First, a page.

The Regional Review

Volume VII - Nos. 1 & 2

July-August, 1941

The Regional Review

Vol. VII. July-August Nos. 1 & 2


For almost four years now the Regional Review has run a smooth and steady course toward prominence in national and state park affairs. It was started in Richmond in 1938, shortly after the new regionalization program combined 23 eastern states into Region One.

Hugh Awtrey, Editor of the Regional Review from its first appearance until a few months ago when he was called from the National Park Service back into the Navy to do his bit toward helping Uncle Sam through these troubled times, brought this magazine from its conception to its present high station among the interesting and valuable scientific publications in the country. Today the Regional Review ranks among the leaders of its field in the nation.

During the years of its existence many requests have come in from colleges, libraries and individuals for reprints of articles and stories. The mailing list of The Review has grown into most of the states and many foreign nations. Each month a copy goes to Ecuador and another to Lucknow, India.

Now the Regional Review is growing in more ways than one. For some time there has been a proposal to combine the Region Three Quarterly with the Regional Review, invite the other two regions to participate and create out of these two papers a new and larger magazine which would be national in both scope and importance. This proposal which had the approval of Park Service officials generally, was hammered into line for definite action at a meeting of the Regional Directors in San Francisco several months ago. There the idea was discussed and agreed upon by Mr. Drury, National Park Service Director and his regional chiefs. Thus where the two magazines had covered only the east and southwest, the new proposed publication was designed to touch parks and recreation wherever the American flag was flown.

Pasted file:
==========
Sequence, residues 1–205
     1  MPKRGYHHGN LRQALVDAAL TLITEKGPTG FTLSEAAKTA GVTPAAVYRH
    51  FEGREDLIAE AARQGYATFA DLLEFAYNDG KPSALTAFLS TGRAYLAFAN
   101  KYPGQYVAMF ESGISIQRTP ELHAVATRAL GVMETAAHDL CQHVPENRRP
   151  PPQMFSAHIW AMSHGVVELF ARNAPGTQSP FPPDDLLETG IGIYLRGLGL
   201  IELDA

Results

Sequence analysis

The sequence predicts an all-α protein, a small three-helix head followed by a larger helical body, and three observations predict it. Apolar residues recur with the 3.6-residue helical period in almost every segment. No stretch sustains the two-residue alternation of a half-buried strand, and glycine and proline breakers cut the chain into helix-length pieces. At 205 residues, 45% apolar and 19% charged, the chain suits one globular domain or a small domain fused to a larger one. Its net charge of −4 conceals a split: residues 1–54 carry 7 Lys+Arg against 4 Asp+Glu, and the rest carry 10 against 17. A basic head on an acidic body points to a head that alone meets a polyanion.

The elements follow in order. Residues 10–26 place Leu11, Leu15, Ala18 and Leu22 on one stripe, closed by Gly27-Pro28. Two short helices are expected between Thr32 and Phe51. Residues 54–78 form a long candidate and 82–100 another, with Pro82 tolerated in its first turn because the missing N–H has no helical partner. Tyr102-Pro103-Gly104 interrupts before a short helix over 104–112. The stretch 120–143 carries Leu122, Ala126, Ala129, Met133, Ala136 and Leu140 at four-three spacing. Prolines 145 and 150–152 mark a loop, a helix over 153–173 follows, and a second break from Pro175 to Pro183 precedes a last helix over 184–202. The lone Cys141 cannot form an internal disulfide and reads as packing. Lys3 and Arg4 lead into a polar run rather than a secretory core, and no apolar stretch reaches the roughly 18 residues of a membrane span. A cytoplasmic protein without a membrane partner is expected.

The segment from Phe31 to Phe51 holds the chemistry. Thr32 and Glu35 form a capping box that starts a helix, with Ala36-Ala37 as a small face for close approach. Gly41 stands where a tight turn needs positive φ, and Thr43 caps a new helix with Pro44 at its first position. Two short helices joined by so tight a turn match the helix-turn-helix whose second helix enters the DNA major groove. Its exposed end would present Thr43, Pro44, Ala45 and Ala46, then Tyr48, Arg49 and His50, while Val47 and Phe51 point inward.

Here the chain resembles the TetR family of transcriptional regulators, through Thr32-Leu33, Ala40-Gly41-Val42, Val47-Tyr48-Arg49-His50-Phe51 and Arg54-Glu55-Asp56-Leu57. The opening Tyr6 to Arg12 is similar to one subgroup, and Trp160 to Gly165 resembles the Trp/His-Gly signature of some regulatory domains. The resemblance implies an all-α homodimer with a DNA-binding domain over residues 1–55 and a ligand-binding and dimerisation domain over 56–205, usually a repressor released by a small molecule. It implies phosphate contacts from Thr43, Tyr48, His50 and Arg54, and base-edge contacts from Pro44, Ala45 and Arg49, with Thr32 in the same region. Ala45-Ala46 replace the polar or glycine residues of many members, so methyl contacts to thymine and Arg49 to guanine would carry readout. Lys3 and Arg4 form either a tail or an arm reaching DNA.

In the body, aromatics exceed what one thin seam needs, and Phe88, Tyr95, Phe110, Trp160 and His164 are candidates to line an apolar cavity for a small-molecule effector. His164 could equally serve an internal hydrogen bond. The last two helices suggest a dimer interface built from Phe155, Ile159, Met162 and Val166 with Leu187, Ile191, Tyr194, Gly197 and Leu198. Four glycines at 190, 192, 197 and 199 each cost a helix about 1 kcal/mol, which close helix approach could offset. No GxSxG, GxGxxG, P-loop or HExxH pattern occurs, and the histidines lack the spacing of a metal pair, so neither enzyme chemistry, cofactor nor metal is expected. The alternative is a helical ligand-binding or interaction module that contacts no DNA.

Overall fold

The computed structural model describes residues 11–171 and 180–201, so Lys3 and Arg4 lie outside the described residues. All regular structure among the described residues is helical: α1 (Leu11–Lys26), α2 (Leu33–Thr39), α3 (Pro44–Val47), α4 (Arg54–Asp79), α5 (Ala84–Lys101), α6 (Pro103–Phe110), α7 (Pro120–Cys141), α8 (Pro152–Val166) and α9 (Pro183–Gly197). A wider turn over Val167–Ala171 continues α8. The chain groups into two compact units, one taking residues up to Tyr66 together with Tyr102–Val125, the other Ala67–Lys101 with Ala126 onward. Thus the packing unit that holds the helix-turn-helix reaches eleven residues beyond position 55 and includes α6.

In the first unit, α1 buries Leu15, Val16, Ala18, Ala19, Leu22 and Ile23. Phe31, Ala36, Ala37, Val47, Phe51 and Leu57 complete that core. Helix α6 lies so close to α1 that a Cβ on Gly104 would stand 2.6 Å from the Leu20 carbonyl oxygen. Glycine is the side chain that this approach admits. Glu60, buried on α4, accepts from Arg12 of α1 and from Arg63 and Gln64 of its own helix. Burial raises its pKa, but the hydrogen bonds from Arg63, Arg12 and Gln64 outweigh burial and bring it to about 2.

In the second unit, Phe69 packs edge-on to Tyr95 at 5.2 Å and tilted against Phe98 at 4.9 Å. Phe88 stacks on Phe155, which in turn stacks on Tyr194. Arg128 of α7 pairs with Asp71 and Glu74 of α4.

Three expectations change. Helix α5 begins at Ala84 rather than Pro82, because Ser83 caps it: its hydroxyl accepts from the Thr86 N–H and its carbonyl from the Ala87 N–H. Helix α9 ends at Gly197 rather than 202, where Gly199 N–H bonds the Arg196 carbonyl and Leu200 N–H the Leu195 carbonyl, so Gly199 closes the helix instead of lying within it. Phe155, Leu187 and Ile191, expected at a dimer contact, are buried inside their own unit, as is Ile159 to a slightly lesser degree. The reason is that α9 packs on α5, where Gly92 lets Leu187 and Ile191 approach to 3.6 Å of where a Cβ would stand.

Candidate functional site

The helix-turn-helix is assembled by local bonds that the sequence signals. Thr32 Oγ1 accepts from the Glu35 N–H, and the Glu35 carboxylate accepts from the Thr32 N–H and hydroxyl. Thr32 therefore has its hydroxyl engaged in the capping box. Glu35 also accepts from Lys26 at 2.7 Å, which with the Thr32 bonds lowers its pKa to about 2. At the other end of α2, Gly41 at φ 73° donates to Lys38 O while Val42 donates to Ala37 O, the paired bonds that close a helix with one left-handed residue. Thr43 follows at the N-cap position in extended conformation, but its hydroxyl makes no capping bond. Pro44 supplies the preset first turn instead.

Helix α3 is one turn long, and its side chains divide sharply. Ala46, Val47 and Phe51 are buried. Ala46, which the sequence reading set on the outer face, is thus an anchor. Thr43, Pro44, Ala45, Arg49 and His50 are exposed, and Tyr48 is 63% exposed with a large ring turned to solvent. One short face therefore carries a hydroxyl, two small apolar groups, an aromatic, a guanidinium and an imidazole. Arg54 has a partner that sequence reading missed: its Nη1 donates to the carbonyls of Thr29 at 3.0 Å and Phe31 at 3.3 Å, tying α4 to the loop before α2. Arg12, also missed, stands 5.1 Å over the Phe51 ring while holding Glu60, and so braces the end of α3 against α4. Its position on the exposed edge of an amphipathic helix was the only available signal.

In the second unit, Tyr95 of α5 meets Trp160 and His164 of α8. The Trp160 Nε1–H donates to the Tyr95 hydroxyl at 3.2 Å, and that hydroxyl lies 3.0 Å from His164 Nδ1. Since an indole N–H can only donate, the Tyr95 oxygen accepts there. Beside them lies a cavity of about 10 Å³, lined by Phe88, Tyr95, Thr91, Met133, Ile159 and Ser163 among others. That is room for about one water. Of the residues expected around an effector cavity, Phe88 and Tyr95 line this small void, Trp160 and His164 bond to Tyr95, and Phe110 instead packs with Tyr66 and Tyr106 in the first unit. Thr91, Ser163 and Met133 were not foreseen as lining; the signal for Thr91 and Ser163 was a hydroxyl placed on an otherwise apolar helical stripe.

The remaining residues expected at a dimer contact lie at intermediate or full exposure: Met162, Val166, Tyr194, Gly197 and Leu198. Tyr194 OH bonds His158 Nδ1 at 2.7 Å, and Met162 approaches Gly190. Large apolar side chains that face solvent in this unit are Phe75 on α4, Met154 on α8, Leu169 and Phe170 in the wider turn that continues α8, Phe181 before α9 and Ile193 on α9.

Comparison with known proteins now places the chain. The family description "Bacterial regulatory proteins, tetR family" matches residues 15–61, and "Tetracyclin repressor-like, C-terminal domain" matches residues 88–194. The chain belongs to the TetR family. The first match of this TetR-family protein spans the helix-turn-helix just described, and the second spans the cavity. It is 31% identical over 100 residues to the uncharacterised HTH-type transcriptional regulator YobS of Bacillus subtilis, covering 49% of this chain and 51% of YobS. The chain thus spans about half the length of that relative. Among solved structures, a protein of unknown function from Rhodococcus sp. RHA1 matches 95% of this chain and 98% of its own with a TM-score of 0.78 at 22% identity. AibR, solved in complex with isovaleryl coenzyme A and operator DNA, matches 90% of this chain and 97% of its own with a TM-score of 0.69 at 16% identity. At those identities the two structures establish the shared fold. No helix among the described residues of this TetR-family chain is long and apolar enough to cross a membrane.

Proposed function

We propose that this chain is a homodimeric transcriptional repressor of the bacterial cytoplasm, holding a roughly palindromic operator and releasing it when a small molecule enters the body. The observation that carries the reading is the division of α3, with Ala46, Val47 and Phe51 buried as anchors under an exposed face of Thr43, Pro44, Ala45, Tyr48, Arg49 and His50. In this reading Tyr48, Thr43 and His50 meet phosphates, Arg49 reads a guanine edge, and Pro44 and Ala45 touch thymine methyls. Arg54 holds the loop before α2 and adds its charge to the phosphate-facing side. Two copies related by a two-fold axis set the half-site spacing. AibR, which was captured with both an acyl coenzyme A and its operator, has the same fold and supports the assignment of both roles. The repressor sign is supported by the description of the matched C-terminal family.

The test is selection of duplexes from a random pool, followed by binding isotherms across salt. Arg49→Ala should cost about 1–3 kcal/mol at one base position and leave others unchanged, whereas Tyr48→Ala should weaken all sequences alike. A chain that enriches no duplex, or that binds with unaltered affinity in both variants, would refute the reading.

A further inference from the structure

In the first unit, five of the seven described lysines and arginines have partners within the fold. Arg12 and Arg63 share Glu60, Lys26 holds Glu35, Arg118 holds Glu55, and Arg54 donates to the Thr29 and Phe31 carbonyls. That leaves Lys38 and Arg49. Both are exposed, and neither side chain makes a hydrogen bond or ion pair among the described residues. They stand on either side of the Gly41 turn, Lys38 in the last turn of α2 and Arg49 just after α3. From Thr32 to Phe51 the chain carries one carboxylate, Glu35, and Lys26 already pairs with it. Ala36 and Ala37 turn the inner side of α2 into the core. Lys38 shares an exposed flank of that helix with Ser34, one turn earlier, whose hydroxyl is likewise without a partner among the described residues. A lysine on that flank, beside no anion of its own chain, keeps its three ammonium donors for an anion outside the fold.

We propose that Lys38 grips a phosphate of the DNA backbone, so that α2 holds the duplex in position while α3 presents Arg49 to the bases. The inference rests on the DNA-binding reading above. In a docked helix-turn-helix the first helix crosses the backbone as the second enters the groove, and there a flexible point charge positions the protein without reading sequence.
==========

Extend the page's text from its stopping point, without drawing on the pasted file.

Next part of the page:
In view of this change, this issue will probably be the last appearance of the Regional Review as a review of events and features and activities in the eastern United States. Many of us who have followed it closely and who have watched it grow from a foundling under the capable and guiding hand of Hugh Awtrey, will be glad to see it blossom into a wider field of usefulness. This does not mean that either the Region Three Quarterly or the Regional Review will discontinue in any manner to serve where they have served before. It is the thought of those who proposed this change that the two magazines may be able to serve more forcefully and more comprehensively as a single unit with the combined efforts of all the regions.

As yet, this new literary member to American letters has not been given a name. A number of names have been suggested, but none has been declared suitable. The editors of this new publication have offered a gander egg, which they hope is in no manner prophetic, to any individual, group or corporation suggesting the proper name for this magazine.

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Date: 04-Jul-2002